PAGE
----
It was reported by The Independent recently that research by the University of Warwickshire found that in their study found in their study that prolific Facebook and Twitter users experienced withdrawal symptoms in an experiment where they stopped using their accounts for four weeks.
Users found that they felt isolated and alone, interestingly relationships with loved ones also suffered a communication breakdown as they primarily spoke with them online.
I use both Twitter and Facebook on a daily basis and have found a need to limit my time on social networking to avoid wasting hours using the sites, it’s very easy to see how someone could become addicted and feel alone if denied access.
Addiction is a compulsive behaviour which leads to negative consequences. For the social media addict their off line life will suffer as they become increasingly drawn to spending their days online on Facebook and Twitter. The addict will use social media excessively and for example spend hours trawling people’s pictures and become confused about their true identity and not the one they’ve invented online.
There are several symptoms of social media addiction such as spending over five hours per day on social media sites and becoming distressed and going into withdrawal if a site is not available. Other symptoms include neglecting commitments or personal well-being in order to devote most of your time online.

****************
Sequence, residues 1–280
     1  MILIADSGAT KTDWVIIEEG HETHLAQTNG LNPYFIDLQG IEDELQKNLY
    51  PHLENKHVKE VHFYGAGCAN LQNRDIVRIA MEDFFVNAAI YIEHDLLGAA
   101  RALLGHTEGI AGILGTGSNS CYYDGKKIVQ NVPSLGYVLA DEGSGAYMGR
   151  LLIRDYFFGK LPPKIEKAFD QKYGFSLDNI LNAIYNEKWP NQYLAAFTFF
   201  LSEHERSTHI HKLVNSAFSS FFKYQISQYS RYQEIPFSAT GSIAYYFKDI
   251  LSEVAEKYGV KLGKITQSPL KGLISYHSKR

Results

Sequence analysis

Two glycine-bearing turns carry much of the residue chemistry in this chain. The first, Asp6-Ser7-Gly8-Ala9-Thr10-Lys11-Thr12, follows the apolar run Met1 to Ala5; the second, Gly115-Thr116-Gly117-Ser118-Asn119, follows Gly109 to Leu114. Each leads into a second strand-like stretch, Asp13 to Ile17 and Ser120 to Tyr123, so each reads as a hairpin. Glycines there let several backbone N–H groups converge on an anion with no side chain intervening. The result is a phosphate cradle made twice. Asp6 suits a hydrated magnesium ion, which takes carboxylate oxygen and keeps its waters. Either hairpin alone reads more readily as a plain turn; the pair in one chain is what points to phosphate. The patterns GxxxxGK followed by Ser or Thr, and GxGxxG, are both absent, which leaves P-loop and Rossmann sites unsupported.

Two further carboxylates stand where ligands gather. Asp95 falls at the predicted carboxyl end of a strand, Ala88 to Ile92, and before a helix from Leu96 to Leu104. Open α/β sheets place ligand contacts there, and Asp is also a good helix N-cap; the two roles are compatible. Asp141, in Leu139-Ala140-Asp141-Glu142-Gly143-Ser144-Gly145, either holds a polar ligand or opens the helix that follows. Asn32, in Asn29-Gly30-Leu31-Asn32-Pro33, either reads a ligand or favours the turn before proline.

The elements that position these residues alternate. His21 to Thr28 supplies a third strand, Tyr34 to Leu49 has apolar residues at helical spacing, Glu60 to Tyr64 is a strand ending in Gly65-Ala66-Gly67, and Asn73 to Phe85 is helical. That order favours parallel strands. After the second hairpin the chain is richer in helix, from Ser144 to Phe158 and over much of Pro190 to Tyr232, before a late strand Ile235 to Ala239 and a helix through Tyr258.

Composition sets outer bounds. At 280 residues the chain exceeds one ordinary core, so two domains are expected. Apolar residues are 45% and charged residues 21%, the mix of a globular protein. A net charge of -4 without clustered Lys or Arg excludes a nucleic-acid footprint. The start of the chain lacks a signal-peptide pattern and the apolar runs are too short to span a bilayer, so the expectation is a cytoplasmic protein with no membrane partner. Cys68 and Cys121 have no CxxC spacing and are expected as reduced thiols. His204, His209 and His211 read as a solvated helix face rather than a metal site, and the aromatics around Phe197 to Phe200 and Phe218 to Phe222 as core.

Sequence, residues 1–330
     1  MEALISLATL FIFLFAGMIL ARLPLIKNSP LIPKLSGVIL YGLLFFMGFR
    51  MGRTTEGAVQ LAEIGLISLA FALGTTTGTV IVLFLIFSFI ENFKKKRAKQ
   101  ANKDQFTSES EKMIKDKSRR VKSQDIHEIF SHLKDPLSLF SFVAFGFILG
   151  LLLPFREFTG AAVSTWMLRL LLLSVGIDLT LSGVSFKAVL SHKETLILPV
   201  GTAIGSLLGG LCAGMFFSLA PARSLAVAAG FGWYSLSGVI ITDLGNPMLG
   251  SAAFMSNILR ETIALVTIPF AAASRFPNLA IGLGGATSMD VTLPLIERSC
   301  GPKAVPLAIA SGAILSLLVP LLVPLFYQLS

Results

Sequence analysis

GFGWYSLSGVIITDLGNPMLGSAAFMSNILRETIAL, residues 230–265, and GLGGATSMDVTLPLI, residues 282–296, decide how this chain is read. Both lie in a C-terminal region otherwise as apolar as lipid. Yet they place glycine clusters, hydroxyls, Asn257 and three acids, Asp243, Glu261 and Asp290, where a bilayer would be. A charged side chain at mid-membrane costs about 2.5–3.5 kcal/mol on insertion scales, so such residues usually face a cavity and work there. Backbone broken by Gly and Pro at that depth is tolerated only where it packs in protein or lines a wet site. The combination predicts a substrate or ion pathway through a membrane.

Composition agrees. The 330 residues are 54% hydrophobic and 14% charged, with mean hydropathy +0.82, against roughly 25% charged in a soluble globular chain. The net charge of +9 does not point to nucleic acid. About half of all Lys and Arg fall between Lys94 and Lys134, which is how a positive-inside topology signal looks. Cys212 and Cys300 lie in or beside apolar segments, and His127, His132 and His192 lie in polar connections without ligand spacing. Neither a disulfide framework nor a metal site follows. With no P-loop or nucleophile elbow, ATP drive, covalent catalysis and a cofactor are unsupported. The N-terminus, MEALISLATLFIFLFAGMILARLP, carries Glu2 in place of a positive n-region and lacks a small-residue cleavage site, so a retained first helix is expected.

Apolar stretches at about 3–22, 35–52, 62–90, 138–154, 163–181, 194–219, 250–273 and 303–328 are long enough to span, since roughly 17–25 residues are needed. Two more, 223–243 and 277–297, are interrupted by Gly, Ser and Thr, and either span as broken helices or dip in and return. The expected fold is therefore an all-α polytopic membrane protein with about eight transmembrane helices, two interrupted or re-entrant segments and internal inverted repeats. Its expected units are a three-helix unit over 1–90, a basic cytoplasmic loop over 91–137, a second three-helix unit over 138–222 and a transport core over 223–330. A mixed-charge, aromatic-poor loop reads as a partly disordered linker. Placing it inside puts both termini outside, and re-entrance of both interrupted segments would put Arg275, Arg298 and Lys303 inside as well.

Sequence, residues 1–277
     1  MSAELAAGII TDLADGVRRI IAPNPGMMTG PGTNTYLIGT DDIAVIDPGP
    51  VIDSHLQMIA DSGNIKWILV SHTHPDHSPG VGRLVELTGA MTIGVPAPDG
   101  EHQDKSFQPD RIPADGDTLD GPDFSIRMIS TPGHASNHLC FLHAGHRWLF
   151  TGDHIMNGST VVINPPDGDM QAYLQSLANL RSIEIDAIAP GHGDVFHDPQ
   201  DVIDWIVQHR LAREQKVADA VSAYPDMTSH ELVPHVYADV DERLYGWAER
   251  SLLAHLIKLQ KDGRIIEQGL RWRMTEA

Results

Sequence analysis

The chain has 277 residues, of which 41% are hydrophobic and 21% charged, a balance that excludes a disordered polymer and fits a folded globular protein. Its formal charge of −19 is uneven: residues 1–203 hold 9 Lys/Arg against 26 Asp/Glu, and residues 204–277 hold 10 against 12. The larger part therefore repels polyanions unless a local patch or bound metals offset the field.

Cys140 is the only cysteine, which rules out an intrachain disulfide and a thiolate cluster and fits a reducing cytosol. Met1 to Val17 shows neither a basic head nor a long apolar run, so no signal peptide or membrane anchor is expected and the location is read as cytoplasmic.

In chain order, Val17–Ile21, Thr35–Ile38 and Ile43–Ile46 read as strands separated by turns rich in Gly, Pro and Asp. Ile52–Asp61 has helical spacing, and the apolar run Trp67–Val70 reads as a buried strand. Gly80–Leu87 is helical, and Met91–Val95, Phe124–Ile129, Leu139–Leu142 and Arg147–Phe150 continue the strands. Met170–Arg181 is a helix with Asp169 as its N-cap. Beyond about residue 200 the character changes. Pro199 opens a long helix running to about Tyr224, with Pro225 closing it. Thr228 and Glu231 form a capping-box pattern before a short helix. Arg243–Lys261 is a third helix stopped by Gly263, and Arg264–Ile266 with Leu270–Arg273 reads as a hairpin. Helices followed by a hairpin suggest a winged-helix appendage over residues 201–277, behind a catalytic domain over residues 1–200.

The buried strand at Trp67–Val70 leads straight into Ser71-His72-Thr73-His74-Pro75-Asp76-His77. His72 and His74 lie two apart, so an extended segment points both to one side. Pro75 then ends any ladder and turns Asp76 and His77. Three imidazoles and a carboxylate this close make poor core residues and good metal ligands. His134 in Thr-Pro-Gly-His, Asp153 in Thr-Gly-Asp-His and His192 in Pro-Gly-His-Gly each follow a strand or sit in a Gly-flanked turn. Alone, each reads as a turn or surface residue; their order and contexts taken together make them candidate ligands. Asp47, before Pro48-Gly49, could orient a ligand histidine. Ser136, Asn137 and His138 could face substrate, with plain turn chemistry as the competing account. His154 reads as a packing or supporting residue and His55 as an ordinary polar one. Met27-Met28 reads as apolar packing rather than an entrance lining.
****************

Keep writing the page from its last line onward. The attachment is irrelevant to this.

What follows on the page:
It was recently reported by Euro News that researchers at the University of North Carolina found that a lack of ‘likes’ on Facebook or re-tweets on Twitter caused anxiety in the social media addict. It was also found that when posts are ‘liked’ or re-tweeted dopamine is released in the brain.
The first step in recovery from social media addiction is to admit you have a problem. Currently there are no 12 Step support groups for social media or internet addiction but breaking the denial and asking for help is a good place to start.
Secondly seek support (not online!) set up an appointment with an addiction’s trained counsellor who can support you in the process of your recovery and healing from your addiction. You will need to plan your recovery and if this will mean total abstinence from social media.
Thirdly start to look at re-building your off line life, this means meeting up face to face with people and looking at other activities which you can enjoy. At the time of writing there are no publications which deal specifically with social media addiction, however “Hooked on the Net” by Andrew Caragea discusses internet addiction which has a similar process.